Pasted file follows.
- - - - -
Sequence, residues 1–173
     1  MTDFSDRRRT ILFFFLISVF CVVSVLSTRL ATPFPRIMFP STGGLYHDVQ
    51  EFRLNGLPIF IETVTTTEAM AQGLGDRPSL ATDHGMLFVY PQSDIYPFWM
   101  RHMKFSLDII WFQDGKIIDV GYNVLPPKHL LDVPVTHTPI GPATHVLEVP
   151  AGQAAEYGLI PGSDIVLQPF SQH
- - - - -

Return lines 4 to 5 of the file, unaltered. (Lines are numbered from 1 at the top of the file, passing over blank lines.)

   101  RHMKFSLDII WFQDGKIIDV GYNVLPPKHL LDVPVTHTPI GPATHVLEVP
   151  AGQAAEYGLI PGSDIVLQPF SQH